Being bullied is bad for your health. And not just in term of broken bones, bruises and future psychological problems, but also in terms of current physical health issues.
A number of studies show that victimized individuals-relative to their non-victimized peers-report higher levels of health problems such as headaches, abdominal pains, sore throats, colds, and mouth sores. Victimized children are also more likely to miss school (a rough index of illness), perform poorly in school, and attempt suicide.
A soon to be published study in the Journal of Applied Social Psychology by Dr. Jennifer Knack of Clarkson University and her colleagues, discovered that bullying significantly predicted not only the severity of health problems in a sample of college age students, but also the frequency of illness. In other words, being bullied is linked not only to getting sick, but also to how often and how intensely the victim of bullying gets sick.
The study also found that victimized individuals reported greater heart problems, chest pains, dizziness, fainting, blood pressure problems, and bone and joint issues than their non-victimized counterparts.
According to Dr. Knack, being bullied may be changing the way our bodies respond to stress, which in turns leads to poorer health outcomes.
“The stress of being bullied may be impacting the way our bodies function, especially our neuroendocrine system which releases hormones such as cortisol, which in turn may be linked with poor physical health.”
Changes in the release of cortisol, also known as “the stress hormone,” are the hypothesized link between being bullied and poor physical health. Cortisol is released in varying amounts throughout the day and is associated with positive effects such as aiding short-term memory and the regulation of blood pressure and glucose levels. However, high levels of cortisol due to chronic stress can have significant negative health consequences such as high blood pressure, decreased bone density, and cognitive impairment.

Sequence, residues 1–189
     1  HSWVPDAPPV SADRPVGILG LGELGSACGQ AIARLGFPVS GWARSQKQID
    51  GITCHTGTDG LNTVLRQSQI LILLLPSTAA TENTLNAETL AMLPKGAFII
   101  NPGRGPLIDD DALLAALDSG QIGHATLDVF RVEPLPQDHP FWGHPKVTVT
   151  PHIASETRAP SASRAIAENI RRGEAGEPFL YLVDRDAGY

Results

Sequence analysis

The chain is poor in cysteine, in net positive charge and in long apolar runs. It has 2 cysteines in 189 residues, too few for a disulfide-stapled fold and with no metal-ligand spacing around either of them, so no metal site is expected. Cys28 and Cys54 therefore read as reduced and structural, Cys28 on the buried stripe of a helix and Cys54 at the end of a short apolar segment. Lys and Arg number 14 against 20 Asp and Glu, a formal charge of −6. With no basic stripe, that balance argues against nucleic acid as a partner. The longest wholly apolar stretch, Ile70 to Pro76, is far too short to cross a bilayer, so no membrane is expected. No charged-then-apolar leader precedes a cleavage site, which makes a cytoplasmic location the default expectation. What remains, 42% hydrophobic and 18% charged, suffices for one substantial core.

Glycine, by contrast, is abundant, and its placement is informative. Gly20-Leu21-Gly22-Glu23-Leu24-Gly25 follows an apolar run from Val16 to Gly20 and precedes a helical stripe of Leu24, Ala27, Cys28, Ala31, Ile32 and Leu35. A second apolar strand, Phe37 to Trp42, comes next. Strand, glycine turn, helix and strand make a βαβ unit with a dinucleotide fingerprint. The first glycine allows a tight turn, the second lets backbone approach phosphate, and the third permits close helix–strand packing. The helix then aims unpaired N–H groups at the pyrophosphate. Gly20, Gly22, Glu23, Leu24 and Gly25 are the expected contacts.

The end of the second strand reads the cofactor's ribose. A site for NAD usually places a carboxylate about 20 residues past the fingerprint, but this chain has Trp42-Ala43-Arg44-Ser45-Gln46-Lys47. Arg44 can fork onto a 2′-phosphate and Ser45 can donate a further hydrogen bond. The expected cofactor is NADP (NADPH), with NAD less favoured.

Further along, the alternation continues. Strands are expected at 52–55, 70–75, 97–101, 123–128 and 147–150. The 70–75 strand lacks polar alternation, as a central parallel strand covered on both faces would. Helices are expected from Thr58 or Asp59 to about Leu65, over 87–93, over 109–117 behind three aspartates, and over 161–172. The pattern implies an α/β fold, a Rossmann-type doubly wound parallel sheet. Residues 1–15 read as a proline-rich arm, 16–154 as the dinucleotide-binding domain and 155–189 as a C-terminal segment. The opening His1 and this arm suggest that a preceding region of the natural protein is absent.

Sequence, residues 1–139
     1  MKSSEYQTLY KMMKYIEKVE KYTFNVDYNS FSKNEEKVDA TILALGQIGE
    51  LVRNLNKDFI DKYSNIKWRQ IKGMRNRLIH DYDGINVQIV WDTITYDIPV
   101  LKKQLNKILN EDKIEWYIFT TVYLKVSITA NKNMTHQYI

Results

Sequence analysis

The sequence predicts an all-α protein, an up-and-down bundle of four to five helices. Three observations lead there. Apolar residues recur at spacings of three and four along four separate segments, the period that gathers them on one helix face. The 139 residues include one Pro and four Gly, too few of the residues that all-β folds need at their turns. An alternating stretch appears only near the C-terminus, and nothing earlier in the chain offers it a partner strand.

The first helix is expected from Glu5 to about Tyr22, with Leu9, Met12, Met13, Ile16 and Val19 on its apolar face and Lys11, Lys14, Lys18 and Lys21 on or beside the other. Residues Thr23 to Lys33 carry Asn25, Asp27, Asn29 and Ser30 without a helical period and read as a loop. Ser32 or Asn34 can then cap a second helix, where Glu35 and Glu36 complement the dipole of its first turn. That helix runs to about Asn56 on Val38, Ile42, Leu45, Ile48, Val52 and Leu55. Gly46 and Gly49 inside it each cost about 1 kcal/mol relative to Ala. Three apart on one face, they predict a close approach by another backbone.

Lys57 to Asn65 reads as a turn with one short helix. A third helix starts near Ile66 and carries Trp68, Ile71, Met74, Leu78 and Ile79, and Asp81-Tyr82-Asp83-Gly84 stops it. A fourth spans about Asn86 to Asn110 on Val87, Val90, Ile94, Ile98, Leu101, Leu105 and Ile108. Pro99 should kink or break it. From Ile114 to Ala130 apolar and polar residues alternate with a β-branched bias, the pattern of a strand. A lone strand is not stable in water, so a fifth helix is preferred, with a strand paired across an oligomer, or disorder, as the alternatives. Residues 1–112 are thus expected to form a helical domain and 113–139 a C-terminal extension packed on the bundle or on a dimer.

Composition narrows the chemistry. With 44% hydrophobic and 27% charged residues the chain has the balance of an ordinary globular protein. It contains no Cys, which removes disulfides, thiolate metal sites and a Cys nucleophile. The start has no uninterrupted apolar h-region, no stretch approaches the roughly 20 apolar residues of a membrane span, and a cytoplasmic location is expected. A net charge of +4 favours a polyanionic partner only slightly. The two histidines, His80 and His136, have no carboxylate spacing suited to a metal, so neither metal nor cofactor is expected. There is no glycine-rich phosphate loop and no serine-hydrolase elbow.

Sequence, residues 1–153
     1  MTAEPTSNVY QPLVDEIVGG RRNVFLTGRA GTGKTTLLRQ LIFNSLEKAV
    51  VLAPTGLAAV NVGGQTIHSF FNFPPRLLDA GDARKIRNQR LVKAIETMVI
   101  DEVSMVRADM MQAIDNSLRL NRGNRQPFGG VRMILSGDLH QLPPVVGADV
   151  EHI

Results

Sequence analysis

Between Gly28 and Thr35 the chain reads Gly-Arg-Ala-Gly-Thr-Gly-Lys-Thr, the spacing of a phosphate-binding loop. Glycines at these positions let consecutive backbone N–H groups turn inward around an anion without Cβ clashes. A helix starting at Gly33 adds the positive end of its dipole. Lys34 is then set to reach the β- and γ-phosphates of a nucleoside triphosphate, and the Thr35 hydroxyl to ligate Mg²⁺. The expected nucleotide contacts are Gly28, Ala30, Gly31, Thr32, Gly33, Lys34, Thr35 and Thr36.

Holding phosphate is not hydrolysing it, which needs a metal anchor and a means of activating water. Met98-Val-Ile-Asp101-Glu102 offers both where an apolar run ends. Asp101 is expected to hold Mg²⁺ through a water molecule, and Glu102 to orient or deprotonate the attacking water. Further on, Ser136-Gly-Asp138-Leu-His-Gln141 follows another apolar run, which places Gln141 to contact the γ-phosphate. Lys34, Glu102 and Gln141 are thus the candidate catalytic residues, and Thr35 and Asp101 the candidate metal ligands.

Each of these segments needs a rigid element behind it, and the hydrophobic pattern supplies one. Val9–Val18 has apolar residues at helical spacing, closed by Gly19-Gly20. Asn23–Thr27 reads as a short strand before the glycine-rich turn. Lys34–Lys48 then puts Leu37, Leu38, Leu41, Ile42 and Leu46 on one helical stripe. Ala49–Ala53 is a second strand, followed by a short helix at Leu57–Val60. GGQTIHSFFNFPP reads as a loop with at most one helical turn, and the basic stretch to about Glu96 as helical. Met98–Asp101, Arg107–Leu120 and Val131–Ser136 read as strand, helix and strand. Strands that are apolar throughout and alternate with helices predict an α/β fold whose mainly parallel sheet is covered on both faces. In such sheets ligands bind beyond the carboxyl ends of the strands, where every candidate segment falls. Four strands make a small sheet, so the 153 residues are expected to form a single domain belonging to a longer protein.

An earlier study by Dr. Knack and her team, published in Brain and Cognition, explored this link between peer victimization, cortisol levels, and health problems. The study found that victimized adolescents, unlike their non-victimized counterparts, displayed a cortical response similar to individuals with post-traumatic stress disorder (PTSD). More specifically, they had lower levels of cortisol in the morning than their non-victimized peers, a pattern typically associated with prolonged exposure to stress. This “blunted” cortisol response makes it more difficult for bullied children to respond effectively to threats to their immune system.
“Typically in the morning, cortisol levels peak about 30 minutes after waking; most individuals show a sharp increase in cortisol levels from waking to 30 minutes later. The levels then gradually decrease throughout the remainder of the day. My research found that victimized adolescents have a flatter increase in cortisol levels from the time they wake up in the morning until 30 minutes after waking- we found that lower cortisol did predict poorer physical health. ”
The recent surge in suicides due to peer victimization has brought the larger psychological effects of bullying to the forefront of the national conversation. However, Dr. Knack’s research suggests that the physical health consequences of peer victimization also need to be a part of the conversation.
“Our results suggest that future research needs to examine whether being bullied is changing the way our bodies are functioning or whether how our bodies function makes us more prone to getting sick if we experience bullying. The media coverage of bullying often focuses on suicides and struggles with peers; this study adds another layer of complexity by looking more closely at why individuals being bullied report more physical health problems.”